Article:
As many as one in six couples of childbearing age may be infertile today in the United States.
About one-third of these cases are due to the woman's fertility, and one-third is due to the man's infertility. The other third of infertility cases are attributed either to combined factors for a couple, or to unknown causes.
One cause of male infertility is low sperm count or quality. Engorged veins in the testes can increase blood flow and heat. This affects the sperm amount and shape.
Male infertility also stems from problems with sperm delivery. This can be due to premature ejaculation or semen entering the bladder instead of through the penis.
Genetic diseases, structural problems in the testicle, or damage or injury to male reproductive organs are other causes. Past drug treatment, radiation or surgery and diabetes may also result in male infertility.
When it comes to female infertility, the American Society for Reproductive Medicine reports that abnormal or irregular ovulation accounts for nearly 25 percent of it.
Other factors include fallopian tube blockage or damage. This typically results from an inflamed fallopian tube. An inflamed fallopian tube can be caused by pelvic inflammatory disease (usually from a sexually transmitted disease), endometriosis or adhesions.
Endometriosis alone can affect how the ovaries, uterus and fallopian tubes function.
Problems with the cervical opening or mucus, or abnormalities in the uterine shape or cavity, can lead to female infertility.
Some women experience primary ovarian insufficiency, which is basically early menopause. With POI, a woman’s ovaries cease working and menstruation stops before they reach 40 years of age.
Other factors linked with female infertility include polycystic ovary syndrome, ectopic pregnancy, and having more than one miscarriage. Medical conditions such as diabetes, epilepsy, and bowel and thyroid diseases can result in female infertility.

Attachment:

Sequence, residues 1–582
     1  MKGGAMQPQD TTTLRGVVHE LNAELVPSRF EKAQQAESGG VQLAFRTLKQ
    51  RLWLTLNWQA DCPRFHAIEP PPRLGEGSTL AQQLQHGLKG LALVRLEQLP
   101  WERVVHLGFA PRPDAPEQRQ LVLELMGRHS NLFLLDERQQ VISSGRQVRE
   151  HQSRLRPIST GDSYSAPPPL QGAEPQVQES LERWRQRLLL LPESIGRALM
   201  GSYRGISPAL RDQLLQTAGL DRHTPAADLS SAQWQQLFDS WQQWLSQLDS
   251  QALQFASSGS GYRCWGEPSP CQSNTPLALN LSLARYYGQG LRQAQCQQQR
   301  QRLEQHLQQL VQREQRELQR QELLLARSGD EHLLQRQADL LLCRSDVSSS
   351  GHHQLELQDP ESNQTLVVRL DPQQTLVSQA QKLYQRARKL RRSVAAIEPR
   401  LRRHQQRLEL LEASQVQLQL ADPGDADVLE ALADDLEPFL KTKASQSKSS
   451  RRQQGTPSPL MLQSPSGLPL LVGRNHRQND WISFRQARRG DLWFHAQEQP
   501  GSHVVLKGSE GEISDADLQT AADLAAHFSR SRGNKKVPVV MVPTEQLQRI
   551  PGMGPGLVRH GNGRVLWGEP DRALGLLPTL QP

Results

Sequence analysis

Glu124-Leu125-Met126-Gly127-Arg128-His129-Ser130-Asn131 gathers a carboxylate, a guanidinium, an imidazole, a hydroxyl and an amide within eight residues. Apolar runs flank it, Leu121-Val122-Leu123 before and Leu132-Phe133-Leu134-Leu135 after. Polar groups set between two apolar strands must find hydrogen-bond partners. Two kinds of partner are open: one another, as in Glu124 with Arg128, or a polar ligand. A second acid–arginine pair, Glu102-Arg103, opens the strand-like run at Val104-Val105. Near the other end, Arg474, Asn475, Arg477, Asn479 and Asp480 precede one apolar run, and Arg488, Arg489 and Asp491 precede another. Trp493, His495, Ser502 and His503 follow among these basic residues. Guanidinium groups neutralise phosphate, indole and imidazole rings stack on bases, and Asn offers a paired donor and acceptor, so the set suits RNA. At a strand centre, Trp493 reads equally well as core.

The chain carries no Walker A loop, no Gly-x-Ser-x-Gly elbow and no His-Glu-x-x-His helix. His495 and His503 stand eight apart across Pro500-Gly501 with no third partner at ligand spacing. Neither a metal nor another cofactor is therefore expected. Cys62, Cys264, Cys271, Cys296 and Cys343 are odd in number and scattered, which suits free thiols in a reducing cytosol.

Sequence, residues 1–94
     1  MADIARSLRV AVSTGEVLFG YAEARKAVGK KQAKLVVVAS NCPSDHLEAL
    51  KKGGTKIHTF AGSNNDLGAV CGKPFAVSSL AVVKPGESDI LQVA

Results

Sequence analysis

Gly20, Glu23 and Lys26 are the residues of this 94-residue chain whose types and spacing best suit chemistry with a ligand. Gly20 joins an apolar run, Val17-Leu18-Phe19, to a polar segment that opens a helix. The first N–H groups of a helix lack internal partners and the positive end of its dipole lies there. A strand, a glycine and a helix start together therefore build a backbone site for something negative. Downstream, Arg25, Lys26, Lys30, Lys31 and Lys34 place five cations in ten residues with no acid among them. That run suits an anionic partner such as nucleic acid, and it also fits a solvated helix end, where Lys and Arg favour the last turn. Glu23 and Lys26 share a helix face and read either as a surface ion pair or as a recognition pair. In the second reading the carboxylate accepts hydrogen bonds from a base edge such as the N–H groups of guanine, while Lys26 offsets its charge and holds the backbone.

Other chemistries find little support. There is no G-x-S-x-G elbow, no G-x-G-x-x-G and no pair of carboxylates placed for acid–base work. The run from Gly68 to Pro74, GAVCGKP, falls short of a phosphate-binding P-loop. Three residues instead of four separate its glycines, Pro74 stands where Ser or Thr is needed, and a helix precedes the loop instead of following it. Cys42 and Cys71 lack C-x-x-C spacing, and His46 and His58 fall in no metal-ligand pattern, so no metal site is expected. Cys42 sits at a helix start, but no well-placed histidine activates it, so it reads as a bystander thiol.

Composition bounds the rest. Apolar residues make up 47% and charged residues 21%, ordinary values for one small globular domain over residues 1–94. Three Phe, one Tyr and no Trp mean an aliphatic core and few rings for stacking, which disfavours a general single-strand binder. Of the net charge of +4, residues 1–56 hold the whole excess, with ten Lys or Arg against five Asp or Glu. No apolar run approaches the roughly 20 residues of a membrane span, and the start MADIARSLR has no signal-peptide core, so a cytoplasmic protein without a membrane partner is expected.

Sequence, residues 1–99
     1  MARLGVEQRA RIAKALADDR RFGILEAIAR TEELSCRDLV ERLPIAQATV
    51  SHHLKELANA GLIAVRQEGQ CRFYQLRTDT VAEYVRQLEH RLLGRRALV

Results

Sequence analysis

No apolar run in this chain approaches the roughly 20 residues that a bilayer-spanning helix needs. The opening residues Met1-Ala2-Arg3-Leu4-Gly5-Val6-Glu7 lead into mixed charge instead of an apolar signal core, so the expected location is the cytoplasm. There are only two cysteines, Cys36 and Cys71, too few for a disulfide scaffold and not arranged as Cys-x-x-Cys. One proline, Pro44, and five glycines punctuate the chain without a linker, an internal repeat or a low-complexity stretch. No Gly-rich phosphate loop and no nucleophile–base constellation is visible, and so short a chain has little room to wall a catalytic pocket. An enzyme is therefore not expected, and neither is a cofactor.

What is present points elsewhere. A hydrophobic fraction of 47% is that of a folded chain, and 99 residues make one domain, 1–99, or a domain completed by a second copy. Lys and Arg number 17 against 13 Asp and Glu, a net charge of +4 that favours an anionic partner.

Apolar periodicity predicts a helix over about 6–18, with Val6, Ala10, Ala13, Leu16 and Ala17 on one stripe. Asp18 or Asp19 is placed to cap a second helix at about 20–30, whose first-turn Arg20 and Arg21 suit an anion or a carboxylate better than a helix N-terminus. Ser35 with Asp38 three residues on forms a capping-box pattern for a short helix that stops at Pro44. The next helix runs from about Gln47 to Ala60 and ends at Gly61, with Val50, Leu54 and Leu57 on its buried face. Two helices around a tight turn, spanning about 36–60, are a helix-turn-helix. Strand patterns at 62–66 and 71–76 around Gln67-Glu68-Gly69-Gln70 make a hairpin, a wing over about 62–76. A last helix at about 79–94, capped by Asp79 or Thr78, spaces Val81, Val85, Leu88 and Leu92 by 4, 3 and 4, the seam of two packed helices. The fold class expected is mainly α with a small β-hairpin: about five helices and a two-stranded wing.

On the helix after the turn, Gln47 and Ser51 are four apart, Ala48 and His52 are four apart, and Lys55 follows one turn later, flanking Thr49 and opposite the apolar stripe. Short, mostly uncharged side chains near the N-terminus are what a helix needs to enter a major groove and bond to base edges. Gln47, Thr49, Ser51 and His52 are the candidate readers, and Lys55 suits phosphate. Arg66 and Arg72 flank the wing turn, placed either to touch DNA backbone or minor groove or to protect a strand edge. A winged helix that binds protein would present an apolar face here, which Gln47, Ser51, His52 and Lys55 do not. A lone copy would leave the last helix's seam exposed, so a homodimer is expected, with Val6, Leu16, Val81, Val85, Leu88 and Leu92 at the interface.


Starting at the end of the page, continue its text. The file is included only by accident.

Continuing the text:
Certain cancers often severely weaken a woman’s fertility. And cancer treatment — chemotherapy and radiation — may also affect her fertility.
Age plays a part in infertility. Female fertility begins to wane at around 27 years of age. That’s because of the aging and depletion of her eggs. And men over 35 are two times as likely to be infertile as those under 25 years of age.
Weight is yet another factor in infertility. Twelve percent of female infertility cases result from weighing too little or too much. It hits men as well — obesity affects sperm production.
Cigarette smoking is another equal opportunity offender. Forbes.com said smoking can cause more rapid deterioration of eggs and significantly lower sperm count.
Certain medications can affect both sexes. Antidepressants have been shown to cause irregular menstrual cycles. Other medications have been found to be potentially toxic to sperm.
"Infertility." Causes. Web. 8 Apr. 2015.
"Infertility – Common Causes of Female and Male Infertility - HFEA." Infertility – Common Causes of Female and Male Infertility - HFEA. Web. 8 Apr. 2015.
"Resources." ASRM: Quick Facts About Infetility. Web. 8 Apr. 2015.
Van Dusen, Allison. "Men's And Women's Fertility Facts--Explained." Forbes. Forbes Magazine. Web. 8 Apr. 2015.
Reviewed April 9, 2015
by Michele Blacksberg RN
Edited by Jody Smith